Auckland Marathon

Today I ate humble pie. Determined to go sub 2:45, I could only manage 2:54:07 on the day. That’s a huge disparity! Let me explain…

The Auckland Marathon starts at 6am. Despite beginning at the crack of dawn, it was unusually warm this morning at 16C. By the time I finished my run it was 18C, making it the hottest marathon I have run. The air was also uncomfortably “sticky” and estimated to be 90% R.H!

Despite a significantly slower pace and easier course profile, my average heart during the first 10km of the marathon was similar to that of a typical 10km tempo!

Ten kilometres into the run and my heart rate is higher than usual. I’m travelling at 3:50 min/km pace and my heart rate is at 170 bpm – 5 bpm higher than I’d like. My bib is also drenched sweat, no doubt from the hot and humid weather! I reach half way at 1:21:34.

It’s now 26km into the race and I approach the first of two drink stations that I’ve left my own water bottle and energy gel. However, the people manning the station offer no help and I’m lost searching in a sea of nondescript water bottles for my own one! After stopping for a frustrating 10 seconds, I forgo a crucial hydration and energy stop.

Kilometre split comparison between 2016 and 2017 Auckland Marathons.

From this point on, I begin to slow down and start paying for going too hard in the first half. I persevere but the “wheels fall off” at 33km as I begin the slow and painful run back home.

It’s now 36km and I’ve arrived at the last special drink station. This time I yell out my bib number and the course volunteer swiftly finds my drink and energy gel and hands it to me. Much better!

It’s been a long slog but I’ve managed to cross the finish line after several agonizing 4:50 min/km kilometers. This is a pedestrian pace compared to the 3:53 min/km I averaged over the first 29 kilometers! The second half split was 1:32:33, giving me a 11 minute positive split. Ouch!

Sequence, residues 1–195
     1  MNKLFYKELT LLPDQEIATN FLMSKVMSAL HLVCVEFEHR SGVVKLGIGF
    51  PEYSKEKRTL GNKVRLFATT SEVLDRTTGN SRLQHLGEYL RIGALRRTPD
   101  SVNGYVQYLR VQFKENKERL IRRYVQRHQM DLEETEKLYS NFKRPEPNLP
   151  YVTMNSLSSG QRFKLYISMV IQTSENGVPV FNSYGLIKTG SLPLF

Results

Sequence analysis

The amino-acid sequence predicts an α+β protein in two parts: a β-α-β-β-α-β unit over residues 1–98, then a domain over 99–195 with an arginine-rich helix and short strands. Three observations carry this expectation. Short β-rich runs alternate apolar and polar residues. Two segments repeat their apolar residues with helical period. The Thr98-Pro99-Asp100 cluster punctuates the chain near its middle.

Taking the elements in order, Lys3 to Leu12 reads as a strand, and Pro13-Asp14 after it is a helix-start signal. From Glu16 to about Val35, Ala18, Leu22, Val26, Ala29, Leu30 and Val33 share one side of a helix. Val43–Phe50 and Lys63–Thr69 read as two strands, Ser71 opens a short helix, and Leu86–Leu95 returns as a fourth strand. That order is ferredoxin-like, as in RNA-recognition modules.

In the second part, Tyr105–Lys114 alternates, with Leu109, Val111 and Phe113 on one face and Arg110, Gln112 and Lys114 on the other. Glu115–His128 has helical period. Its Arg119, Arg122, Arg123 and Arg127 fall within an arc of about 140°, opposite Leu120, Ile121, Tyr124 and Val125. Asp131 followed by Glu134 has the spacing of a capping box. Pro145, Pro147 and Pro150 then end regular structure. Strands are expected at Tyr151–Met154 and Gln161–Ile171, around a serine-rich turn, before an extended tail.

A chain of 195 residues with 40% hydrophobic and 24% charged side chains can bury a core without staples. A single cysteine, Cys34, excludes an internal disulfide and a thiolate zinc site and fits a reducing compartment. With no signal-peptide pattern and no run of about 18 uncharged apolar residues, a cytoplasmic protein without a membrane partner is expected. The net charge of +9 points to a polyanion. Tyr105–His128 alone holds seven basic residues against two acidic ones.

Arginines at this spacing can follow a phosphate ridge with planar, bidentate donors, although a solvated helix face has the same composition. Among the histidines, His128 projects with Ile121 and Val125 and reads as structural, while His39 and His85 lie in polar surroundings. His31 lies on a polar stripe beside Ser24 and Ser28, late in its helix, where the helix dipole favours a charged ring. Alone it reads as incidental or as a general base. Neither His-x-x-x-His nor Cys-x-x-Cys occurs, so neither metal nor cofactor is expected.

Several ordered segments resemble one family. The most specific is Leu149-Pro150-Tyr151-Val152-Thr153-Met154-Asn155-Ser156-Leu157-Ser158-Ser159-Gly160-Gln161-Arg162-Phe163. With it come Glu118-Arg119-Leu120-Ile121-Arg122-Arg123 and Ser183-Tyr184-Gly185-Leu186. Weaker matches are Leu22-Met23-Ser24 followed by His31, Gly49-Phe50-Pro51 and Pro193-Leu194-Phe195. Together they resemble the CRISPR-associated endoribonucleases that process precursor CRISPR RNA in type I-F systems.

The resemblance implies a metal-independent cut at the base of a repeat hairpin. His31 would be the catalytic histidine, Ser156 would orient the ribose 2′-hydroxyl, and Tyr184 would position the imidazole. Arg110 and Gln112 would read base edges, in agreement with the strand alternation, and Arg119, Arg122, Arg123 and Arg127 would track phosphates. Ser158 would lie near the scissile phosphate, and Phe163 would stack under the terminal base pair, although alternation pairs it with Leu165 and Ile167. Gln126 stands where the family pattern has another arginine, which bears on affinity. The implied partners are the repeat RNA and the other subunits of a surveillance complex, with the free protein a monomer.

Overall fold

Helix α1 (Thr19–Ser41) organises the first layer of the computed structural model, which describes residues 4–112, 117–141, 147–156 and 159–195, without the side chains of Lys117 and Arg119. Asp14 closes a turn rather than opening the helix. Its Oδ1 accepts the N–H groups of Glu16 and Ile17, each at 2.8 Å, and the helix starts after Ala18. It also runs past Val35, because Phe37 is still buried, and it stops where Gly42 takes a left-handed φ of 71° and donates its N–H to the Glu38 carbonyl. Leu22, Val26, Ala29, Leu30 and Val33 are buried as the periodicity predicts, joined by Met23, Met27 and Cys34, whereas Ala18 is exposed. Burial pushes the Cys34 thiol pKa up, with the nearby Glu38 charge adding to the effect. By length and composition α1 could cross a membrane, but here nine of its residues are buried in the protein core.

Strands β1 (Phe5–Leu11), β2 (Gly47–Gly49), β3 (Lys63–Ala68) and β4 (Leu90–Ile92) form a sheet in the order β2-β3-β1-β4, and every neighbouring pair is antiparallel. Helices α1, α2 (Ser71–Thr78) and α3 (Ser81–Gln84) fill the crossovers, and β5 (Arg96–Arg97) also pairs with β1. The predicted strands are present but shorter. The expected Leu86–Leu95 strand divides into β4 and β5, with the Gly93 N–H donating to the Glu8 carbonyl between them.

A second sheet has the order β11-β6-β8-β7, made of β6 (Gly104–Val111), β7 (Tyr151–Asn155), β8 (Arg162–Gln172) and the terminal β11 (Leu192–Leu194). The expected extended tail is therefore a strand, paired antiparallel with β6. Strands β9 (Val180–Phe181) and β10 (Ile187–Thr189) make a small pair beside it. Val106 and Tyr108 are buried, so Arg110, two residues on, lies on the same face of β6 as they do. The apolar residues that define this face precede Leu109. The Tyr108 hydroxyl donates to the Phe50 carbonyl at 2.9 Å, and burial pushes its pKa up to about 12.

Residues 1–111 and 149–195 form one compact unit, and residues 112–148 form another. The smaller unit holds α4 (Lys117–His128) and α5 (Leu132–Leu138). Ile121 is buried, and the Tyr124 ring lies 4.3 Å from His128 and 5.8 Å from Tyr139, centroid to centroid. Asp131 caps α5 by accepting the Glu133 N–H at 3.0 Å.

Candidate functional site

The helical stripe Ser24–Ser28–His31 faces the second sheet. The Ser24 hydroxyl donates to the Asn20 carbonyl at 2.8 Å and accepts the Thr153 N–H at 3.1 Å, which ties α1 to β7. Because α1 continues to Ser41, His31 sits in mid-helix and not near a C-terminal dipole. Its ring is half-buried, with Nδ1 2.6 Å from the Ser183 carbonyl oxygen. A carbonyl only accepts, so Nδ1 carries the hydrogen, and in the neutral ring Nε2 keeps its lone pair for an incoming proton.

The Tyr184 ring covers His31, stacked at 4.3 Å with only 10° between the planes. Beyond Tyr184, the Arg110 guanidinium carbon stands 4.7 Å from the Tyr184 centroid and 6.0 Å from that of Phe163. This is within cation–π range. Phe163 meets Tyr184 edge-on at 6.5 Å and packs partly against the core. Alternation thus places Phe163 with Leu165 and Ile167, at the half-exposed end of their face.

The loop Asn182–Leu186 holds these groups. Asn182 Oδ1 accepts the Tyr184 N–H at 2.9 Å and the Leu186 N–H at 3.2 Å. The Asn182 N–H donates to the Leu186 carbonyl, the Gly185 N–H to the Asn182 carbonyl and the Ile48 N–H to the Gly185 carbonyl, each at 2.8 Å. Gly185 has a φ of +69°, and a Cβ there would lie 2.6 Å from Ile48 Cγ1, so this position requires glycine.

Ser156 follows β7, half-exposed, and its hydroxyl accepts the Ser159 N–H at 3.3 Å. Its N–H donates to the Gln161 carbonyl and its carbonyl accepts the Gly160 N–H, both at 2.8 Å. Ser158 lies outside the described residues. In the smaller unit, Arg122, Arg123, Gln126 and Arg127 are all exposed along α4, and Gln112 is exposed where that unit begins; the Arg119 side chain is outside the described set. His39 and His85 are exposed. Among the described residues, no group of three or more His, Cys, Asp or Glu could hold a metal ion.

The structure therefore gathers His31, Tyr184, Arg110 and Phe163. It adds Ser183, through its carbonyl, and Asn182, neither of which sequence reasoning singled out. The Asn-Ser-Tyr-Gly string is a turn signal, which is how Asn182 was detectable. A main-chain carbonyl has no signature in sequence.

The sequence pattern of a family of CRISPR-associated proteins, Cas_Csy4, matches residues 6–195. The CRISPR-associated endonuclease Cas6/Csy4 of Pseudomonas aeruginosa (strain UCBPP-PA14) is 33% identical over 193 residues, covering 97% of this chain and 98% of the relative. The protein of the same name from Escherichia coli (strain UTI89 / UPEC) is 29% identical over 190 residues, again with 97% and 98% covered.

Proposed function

All was not lost. I’ve come away with some valuable lessons:

  1. Adjust expectations based on current conditions. Hot and especially humid conditions can completely change the course difficulty.
  2. When approaching a “special drink station”, yell out your race number well in advance to the course volunteer so they can fetch your drink for you!
  3. There’s a lot of techniques for breathing while running. In today’s high humidity, I would have been better off breathing “through the mouth”.
  4. Peanuts can give laxative-like effects! By the skin of my teeth I avoided a toilet stop during the race. Never again!
  5. I was happy that I achieved the much vaunted 180 steps per minute over the course of the marathon. A high leg turn over is more energy efficient and reduces the likelihood of over-striding / injury.

Some things to work on:

  • Try breathing “through the mouth” as it is apparently better for running. The only time I should be breathing through the nose is when the air is cold and/or dry.
  • More long runs at marathon pace on profiles similar to that of the course.
  • Consider reducing the number of interval sessions I do with tempo runs or long runs as these are more marathon-specific workouts. Trouble is I actually enjoy the interval sessions!
  • Find out how to “reset” the distance my GPS watch thinks I have run during the race. It always overestimates the distance!
An enjoyable 6x1200m interval session!

Notes to self: I was 77kg on the day and had three gels (8km, 17km, 23km). I missed one gel at 29km and did not feel like eating the one I picked up at 36km. I had either water or sports drink at each of the aid stations. I had flat soda for two of the stations following the mishap at station 29km.

Altitude. Heat. Humidity. Pollution!